Biles wants to send a message that is larger than any of her athletic accomplishments, and it is time to listen. She hopes that talking about mental illness will have more of an impact than winning medals. “We are people at the end of the day, so we have to focus on that.” That is the message: Athletes are people first. Beyond the sound bytes, photo ops, autographs and commercials, they are human beings with the same emotions as the average person. While athletes are idolized, glamorized, and glorified, they are vulnerable to the same risk factors for mental illness as the general population (including trauma, adverse childhood experiences, genetics, traumatic brain injury), and several others that are more specific to high performance sport (including commodification, unanticipated burden of success, sport failure, injuries, post-competition “crashes,” and retirement from sport).
Mental Health Awareness in Sport
Although mental health in sport is becoming a more common headline, we are just scratching the surface in terms of education, prevention, detection, and response. These elements need to be discussed and addressed at every level of every sport by anyone involved with sport around the globe before we will see major shifts. The International Olympic Committee released a consensus statement on mental health in elite athletes in 2019, which was followed by publication of the Sport Mental Health Assessment Tool and the Sport Mental Health Recognition Tool to enhance screening and support for athletes demonstrating or experiencing signs or symptoms of mental illness. Some coaching associations offer free mental health education modules for members to attend to their own mental health as well as that of their athletes.
No Physical Health Without Mental Health
There is no performance or physical health without mental health. There is no sport without mental health. It is becoming increasingly evident that mental health is the most important ingredient to overall health and sporting accomplishment, and for the athletes, is more important than any podium result. Mental health should be discussed, addressed, managed, and incorporated into every athlete’s daily routine and comprehensive medical plan. Appropriate staff, including sports psychiatrists, should be part of core and event staff to navigate challenges that arise, assist in the development of policies and protocols, provide education and insight, and ensure appropriate messaging.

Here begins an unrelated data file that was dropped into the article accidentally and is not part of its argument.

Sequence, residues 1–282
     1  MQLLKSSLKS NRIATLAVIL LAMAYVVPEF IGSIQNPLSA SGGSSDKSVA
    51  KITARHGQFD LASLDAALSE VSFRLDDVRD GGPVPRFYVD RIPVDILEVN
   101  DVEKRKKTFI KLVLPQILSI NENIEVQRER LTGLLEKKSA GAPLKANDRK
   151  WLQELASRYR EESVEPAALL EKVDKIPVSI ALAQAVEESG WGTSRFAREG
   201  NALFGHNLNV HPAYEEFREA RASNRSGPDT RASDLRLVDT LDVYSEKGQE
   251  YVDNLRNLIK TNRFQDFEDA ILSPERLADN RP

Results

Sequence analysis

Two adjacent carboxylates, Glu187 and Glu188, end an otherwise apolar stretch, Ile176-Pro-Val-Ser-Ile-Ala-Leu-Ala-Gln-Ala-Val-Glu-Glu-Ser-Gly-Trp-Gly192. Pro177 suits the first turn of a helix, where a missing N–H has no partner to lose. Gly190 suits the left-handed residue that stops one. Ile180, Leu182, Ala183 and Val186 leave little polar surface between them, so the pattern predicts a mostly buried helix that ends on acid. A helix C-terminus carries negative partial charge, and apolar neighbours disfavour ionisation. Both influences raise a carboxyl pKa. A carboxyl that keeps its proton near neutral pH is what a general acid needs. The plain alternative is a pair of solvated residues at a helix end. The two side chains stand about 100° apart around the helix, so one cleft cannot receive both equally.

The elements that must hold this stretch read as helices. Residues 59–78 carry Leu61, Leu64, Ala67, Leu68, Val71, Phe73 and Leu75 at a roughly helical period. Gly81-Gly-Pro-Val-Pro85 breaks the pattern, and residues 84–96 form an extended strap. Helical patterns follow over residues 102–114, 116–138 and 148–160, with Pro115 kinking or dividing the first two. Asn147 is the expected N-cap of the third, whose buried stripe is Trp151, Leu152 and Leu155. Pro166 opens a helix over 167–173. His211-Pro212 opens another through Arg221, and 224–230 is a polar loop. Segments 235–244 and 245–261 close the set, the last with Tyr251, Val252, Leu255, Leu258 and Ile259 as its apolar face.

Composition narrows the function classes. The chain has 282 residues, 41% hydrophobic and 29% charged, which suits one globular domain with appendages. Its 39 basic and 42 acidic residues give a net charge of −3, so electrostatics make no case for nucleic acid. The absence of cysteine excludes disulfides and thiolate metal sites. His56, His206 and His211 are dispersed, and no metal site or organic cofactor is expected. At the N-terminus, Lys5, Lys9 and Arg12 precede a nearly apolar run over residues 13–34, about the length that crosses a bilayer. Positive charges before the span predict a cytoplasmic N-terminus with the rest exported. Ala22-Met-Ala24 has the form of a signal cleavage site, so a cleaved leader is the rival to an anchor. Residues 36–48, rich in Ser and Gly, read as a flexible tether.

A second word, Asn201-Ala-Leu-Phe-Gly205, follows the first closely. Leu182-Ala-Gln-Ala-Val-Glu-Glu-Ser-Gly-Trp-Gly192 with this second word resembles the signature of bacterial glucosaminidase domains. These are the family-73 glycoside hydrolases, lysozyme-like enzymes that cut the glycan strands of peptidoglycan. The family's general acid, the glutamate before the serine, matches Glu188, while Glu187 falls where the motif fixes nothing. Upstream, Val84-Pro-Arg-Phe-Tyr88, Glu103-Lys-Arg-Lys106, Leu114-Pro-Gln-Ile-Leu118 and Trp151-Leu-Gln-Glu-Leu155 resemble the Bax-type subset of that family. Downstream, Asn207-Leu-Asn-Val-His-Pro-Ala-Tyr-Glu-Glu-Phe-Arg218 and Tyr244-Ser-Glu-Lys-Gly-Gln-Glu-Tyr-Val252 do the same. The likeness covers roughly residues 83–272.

Mentally Healthy Sports
The messaging from Biles and Osaka is clear: Their mental health is their priority. These athletes are leveraging their influence on the sporting stage to broadcast the importance of mental health in athletes. It’s time to carry that momentum forward and cast the message across sports at every level. It’s time to embrace a healthier approach to sports and make mental health a normal part of the conversation.
Carla Edwards, MD, MSc, is a Canadian sport psychiatrist and the High Performance Mental Health Advisor for several Olympic programs. She is actively involved in direct care of high performance athletes and development of polices and programs to address and protect athlete mental health. She is also the current president of the International Society for Sports Psychiatry.